Home News and Features MRPS Board Discusses Direction to Take in $800,000 of Budget Cuts

MRPS Board Discusses Direction to Take in $800,000 of Budget Cuts

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The day before the Vermont Tax Department projected an 18.5% increase in property tax bills statewide for the next fiscal year, the Montpelier Roxbury Public School board met Nov. 29 to continue its budget discussion about the effects of Act 127. The 2022 law, which takes effect next year, changes the state’s education financing system in a way which significantly disadvantages Montpelier-Roxbury.

“As numbers keep coming into our budget, the original estimate was that we were having to cut $1.2 million. Now we have to cut $800,000. That’s still a lot of money,” said MRPS superintendent Libby Bonesteel. The question for board members was how to break down the $800,000.

Board chair Jim Murphy said the board should find cuts that “create future savings instead of future costs,” as well as “find the cuts that don’t cut to the core of what we want to do,” as educators.

“Cutting is not the nice part of the budget,” said Jill Remick, board parliamentarian.

The $800,000 may comprise cuts in salaries and benefits, facilities, transportation, and individual school budgets, or with increased revenue. 

Bonesteel said that about 5.5 full-time equivalent (FTE) employees, across the district and across both unionized and non-unionized staff, could account for about $520,000 of cuts. “There are lots of scenarios,” she said, including retirement incentives. Cuts up to seven or eight FTE employees would affect clubs and co-curriculars.

“I’m not going to go into exactly what the position is for each of those because there’s a person behind that position. That could cause undue stress,” said Bonesteel.

Bonesteel said that none of the positions mentioned are connected to social emotional learning and mental health systems, which are “starting to work, and we are starting to see benefits from it for our kids.”

Joe Carroll, MREA union president, invited discussion during public comment. “It’d be helpful to continue the collaborative clarity vibe that I think you all are really interested in doing,” he said.

A smaller facility cut around $22,000 would mean skipping classroom renovations. “New paint, new rugs, anything. We wouldn’t do that for a year,” said Bonesteel.

A larger cut around $140,000 would mean deferred maintenance, which “potentially has serious consequences,” said Rhett Williams, board clerk. A small maintenance problem could grow larger over time.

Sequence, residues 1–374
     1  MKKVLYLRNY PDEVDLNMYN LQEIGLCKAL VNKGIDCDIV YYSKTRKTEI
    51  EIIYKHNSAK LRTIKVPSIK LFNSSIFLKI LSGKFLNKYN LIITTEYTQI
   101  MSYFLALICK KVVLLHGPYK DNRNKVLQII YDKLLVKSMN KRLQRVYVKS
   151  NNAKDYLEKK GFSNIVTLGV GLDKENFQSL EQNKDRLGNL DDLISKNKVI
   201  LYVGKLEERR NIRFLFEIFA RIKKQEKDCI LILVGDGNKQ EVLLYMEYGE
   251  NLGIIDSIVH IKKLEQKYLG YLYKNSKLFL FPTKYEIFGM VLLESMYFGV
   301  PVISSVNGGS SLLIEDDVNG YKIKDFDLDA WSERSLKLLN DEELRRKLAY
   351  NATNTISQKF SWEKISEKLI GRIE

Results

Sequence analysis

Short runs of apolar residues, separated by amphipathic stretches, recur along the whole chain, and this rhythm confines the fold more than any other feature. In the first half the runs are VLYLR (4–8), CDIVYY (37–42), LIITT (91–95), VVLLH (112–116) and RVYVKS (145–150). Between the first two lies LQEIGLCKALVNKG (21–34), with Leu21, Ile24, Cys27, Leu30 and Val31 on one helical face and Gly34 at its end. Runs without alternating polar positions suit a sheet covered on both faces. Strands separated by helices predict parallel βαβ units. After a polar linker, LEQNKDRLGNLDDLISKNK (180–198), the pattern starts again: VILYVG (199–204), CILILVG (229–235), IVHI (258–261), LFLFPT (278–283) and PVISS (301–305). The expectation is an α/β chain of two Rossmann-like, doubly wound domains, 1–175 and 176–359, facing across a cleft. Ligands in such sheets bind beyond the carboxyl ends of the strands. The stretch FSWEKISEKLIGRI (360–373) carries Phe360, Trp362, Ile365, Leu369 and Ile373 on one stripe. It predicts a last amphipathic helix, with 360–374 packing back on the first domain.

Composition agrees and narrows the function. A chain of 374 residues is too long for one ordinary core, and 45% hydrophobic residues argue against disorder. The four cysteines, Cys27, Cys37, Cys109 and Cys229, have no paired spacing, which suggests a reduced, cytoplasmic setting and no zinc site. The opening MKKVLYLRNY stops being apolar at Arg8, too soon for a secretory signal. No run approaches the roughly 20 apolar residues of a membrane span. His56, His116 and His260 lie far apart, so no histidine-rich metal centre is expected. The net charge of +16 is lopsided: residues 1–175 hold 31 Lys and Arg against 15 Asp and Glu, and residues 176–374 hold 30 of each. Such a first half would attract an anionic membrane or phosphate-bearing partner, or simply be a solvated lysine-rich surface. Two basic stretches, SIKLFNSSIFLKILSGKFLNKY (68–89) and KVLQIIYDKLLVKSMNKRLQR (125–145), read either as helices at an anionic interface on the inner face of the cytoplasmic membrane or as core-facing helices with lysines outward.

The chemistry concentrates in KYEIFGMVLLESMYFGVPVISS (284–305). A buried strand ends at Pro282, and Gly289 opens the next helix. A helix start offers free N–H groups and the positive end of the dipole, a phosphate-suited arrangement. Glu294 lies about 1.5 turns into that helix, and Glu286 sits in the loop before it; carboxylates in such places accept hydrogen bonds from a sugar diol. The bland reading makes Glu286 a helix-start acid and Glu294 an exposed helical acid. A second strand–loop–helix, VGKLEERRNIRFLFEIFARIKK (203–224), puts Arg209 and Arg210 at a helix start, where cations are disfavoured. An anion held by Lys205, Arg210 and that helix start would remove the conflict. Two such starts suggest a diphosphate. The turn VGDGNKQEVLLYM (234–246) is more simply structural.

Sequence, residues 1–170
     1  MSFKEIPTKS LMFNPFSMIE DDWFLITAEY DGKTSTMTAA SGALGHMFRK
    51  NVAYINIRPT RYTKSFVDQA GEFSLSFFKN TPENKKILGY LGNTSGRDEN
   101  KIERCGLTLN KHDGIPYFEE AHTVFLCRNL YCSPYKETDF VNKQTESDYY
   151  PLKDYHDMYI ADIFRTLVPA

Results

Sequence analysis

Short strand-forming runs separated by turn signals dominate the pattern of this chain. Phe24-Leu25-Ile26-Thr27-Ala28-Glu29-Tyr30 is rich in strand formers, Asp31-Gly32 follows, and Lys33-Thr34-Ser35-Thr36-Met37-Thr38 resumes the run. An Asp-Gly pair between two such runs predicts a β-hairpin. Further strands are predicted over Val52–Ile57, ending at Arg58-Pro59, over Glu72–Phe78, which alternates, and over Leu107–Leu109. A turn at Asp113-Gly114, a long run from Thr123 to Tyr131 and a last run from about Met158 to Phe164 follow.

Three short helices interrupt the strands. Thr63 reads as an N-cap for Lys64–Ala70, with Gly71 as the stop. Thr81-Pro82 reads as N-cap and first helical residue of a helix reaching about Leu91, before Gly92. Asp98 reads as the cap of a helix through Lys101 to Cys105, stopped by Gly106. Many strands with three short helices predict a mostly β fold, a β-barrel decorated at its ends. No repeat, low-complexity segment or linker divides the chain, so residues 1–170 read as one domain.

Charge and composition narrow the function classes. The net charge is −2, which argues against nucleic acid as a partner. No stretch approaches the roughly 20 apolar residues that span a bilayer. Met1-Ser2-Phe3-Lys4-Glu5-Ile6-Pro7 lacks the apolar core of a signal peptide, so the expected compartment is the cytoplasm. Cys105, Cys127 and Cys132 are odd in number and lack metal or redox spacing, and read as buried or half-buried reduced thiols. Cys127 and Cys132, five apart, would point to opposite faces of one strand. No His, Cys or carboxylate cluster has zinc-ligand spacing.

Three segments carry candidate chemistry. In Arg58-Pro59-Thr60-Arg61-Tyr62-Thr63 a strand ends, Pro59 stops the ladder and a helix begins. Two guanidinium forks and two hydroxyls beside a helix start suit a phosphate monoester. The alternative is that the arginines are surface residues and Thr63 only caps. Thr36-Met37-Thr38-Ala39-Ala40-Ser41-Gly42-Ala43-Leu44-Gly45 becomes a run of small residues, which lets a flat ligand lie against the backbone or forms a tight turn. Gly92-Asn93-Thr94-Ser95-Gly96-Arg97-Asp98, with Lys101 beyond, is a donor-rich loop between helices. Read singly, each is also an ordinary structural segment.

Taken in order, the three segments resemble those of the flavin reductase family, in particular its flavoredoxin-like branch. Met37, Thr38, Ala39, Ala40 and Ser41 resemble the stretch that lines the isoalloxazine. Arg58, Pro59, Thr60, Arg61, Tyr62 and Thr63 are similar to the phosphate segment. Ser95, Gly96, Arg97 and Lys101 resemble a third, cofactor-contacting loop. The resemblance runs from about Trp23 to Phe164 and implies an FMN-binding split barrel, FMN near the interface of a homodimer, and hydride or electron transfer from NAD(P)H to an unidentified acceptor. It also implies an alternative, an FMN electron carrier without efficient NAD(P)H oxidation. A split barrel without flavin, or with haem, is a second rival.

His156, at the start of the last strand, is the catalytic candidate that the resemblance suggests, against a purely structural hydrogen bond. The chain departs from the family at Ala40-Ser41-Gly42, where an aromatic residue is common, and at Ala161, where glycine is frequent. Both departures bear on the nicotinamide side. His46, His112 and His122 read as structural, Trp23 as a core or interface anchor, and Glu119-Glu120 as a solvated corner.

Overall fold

The Roxbury late bus, which currently has low ridership, and the Main Street Middle School buses were brought up. Bonesteel said cutting all three of these would account for over $200,000 of the $800,000. She said Roxbury students would still have a bus to MSMS.

“The transportation to the middle school might be an easy one to put on the list,” said Paul Carnahan, public commenter. “It’s a relatively new benefit to the community.”

“The connection that my kids make because they’re able to stay after school is critical,” said Angela Bauer, a public commenter from Roxbury. “When you’re thinking about the numbers, there are people behind them too,” she said.

“The savings from the transportation cuts, if we choose them this year, will essentially be there next year as well,” said Williams.

Track Money Not Used Immediately

The board discussed using the $1.9 million encumbered for the high school track renovation to help alleviate the “tax cliff” in fiscal year 2030, when the Act 127 education fund money which protects taxpayers ends.

“You’re talking about a tax increase, that huge,” said Nancy Bruce, public commenter speaking about Montpelier. “We’re maxed out,” she said.

However, the money isn’t being unencumbered immediately. “Spending it all now is not going to avoid everything we talked about for the next five years,” said Murphy.

Mia Moore, vice chairperson, said if the district spends that money now, “then it’s gone. We don’t get to use it again.”

“This is hitting the state really hard,” and a legislative adjustment may occur which could let the track be built, said Williams.

Murphy said that the state administration “has not been education friendly.” While the possibility exists of the legislature changing, he didn’t think they could count on it.

“Our idea is to keep that money on hold and use it the wisest way possible,” said Murphy. “We may need to use that money to flood-proof our basement,” he said. “This building came within eight inches of not being usable.”

FY26 and Beyond Is Too Uncertain To Predict

The MRPS business manager Christina Kimball said “every year it’s even hard to build the budget by January 1,” because “numbers are still changing.”

For future fiscal years, Bonesteel said “I just really don’t think we could give you even a hypothetical.” While similar cuts will be needed for the next five years, “I’m not sure exactly what the ballpark will be,” she said.

The board plans to provide direction to the administration on where to make cuts at the meeting next Wednesday, Dec. 6, before the first draft budget presentation on Dec. 13. The board will then vote on a budget by mid January.

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